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2016 Grants - Pearn
Small Molecules to Normalize Early Endosome Structure and Function in Alzheimer’s Disease
Matthew Pearn, M.D.
University of California, San Diego
La Jolla, California
2016 Collaboration 4 Cure (C4C)
Can a novel compound help prevent dysfunction of nerve cell transport systems in Alzheimer’s disease?
Nerve cells internalize and transport nutrients, small molecules, and proteins through a process called “endocytosis.” During this process, the materials are packaged into “endosomes” which can then carry their cargo into the cell. These endosomes resemble small fluid-filled containment vessels. Endosomes are critical to the normal function of nerve cells, but in Alzheimer’s disease they become enlarged and abnormally accumulate in the brain. Researchers hypothesize that endosome dysfunction may contribute to brain changes associated with Alzheimer’s disease.
Accumulation of enlarged endosomes with a protein called Rab5 on their surface is a hallmark of early abnormal brain changes associated with Alzheimer’s disease. As endosomes begin to accumulate in nerve cells of individuals with Alzheimer’s, Rab5 becomes highly active causing dysfunction of the transport mechanism of these endosomes. Drug-like compounds that target Rab5 activity may be able to help prevent endosome dysfunction in the earliest stages of Alzheimer’s disease.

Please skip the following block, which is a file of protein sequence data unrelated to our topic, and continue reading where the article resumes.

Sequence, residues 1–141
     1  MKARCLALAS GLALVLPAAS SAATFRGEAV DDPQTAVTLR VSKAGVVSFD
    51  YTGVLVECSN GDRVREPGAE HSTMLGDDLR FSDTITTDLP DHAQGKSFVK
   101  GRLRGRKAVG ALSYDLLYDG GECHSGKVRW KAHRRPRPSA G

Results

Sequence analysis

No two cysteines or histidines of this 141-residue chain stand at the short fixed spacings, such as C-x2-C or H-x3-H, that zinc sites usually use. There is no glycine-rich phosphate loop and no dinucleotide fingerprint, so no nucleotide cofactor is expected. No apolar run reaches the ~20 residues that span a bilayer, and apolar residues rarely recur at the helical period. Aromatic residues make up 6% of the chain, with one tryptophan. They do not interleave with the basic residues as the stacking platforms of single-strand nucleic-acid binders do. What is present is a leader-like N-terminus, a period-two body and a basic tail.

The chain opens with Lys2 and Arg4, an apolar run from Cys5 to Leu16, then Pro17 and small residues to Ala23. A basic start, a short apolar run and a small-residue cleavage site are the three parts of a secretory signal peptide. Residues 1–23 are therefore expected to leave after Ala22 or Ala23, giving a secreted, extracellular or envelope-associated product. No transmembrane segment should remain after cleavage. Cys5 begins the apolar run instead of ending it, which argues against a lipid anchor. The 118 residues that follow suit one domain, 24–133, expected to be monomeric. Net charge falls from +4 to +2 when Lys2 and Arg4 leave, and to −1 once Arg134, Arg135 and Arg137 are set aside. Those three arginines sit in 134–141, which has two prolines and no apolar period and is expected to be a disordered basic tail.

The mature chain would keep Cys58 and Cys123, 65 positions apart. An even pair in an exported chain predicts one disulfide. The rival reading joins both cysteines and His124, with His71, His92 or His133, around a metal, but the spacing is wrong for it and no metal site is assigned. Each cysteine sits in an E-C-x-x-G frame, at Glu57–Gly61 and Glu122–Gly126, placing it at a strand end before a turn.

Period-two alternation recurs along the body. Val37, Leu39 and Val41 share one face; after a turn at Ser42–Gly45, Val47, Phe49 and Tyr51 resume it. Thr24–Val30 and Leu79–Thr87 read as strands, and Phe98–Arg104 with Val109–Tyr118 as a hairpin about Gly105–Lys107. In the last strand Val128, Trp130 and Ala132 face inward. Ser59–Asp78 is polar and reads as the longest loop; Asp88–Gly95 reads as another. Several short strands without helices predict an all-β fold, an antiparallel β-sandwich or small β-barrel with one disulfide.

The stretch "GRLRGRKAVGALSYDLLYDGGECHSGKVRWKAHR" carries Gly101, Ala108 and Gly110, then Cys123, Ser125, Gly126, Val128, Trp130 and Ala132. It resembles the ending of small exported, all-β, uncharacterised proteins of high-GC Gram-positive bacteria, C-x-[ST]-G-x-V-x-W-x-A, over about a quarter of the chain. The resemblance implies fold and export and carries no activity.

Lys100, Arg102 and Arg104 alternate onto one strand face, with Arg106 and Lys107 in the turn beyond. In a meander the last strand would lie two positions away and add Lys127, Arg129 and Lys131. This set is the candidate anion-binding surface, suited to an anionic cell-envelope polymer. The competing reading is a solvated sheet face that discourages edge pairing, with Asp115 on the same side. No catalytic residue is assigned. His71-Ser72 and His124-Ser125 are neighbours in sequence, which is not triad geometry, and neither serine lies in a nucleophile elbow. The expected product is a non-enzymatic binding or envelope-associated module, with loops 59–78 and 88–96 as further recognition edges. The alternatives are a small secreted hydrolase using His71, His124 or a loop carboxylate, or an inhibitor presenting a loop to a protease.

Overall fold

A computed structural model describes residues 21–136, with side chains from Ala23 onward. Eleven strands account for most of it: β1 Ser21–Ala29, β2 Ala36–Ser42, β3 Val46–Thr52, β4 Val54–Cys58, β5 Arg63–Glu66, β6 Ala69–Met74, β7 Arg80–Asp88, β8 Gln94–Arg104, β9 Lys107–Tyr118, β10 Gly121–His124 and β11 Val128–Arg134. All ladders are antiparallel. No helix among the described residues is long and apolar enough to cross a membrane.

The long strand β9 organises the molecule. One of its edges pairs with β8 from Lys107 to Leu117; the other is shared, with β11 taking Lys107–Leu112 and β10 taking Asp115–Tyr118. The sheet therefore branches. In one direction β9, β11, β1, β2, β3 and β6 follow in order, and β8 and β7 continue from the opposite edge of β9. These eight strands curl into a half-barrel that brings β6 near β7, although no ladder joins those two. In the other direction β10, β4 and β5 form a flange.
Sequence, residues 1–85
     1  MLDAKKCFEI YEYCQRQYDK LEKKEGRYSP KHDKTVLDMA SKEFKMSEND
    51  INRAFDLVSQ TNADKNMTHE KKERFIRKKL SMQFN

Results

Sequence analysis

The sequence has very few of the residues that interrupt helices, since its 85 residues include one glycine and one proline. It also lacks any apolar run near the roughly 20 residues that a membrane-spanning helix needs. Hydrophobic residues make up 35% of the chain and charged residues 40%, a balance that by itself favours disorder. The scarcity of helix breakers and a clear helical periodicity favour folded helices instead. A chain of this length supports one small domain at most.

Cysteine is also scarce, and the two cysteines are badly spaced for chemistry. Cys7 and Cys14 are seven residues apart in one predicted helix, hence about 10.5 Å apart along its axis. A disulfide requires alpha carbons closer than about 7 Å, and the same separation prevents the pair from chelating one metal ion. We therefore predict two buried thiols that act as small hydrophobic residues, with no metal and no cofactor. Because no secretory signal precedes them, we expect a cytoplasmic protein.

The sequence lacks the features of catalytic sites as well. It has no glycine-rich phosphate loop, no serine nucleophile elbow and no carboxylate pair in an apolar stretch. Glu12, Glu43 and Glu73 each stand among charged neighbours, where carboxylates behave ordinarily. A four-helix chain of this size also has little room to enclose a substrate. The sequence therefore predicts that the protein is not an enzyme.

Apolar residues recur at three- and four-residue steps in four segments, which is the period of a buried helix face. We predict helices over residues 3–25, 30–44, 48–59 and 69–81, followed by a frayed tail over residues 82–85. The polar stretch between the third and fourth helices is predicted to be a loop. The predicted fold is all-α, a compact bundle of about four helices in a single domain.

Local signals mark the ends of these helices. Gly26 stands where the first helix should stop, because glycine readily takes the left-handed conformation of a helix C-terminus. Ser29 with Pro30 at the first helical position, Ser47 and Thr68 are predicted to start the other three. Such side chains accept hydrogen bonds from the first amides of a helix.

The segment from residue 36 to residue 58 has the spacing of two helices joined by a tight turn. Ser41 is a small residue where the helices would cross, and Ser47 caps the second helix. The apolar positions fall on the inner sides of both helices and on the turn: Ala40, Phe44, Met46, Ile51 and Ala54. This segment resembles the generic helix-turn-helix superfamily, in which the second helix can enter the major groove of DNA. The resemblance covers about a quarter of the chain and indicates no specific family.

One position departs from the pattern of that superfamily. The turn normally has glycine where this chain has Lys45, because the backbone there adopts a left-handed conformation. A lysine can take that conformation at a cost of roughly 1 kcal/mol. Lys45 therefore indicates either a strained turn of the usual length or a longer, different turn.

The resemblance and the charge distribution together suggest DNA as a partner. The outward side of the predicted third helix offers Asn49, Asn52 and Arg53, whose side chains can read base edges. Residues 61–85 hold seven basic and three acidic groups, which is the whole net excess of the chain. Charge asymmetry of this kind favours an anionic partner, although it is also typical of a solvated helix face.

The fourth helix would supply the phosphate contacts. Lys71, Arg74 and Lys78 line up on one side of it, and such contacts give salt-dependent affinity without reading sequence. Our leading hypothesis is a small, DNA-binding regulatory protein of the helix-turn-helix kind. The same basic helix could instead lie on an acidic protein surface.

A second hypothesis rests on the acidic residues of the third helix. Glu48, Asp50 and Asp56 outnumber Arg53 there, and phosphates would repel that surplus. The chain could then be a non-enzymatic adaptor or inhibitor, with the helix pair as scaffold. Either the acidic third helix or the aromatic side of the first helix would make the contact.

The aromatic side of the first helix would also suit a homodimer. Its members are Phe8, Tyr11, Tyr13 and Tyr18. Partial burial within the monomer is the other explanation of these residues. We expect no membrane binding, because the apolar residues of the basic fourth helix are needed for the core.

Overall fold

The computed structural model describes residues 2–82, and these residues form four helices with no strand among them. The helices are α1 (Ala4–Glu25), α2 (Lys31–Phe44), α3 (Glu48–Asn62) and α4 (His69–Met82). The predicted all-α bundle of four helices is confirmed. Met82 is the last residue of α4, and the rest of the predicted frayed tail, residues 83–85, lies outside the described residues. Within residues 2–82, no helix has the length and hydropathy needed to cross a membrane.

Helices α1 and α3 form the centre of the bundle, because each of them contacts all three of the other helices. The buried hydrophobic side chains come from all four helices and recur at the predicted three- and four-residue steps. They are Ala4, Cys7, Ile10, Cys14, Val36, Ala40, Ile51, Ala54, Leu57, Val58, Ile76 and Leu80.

Matthew Pearn, M.D., and colleagues have developed a plan to identify compounds that may normalize the size and number of endosomes in Alzheimer’s disease. Endosomes with Rab5 activated on their membranes can be counted and measured under a microscope. The researchers will mimic Alzheimer’s disease in nerve cells grown in a laboratory dish to establish a baseline measurement of endosome appearance and quantity. They will then screen thousands of compounds to determine their effects on the size and number of endosomes in the nerve cells. The most promising compounds will be further tested for their effects on nerve cell function and survival.
Early detection and treatment of Alzheimer’s disease could help preserve the complex network of nerve cells in the brain. This study offers an opportunity to identify drug targets that could help normalize endosome function and slow the disease in its earliest stages.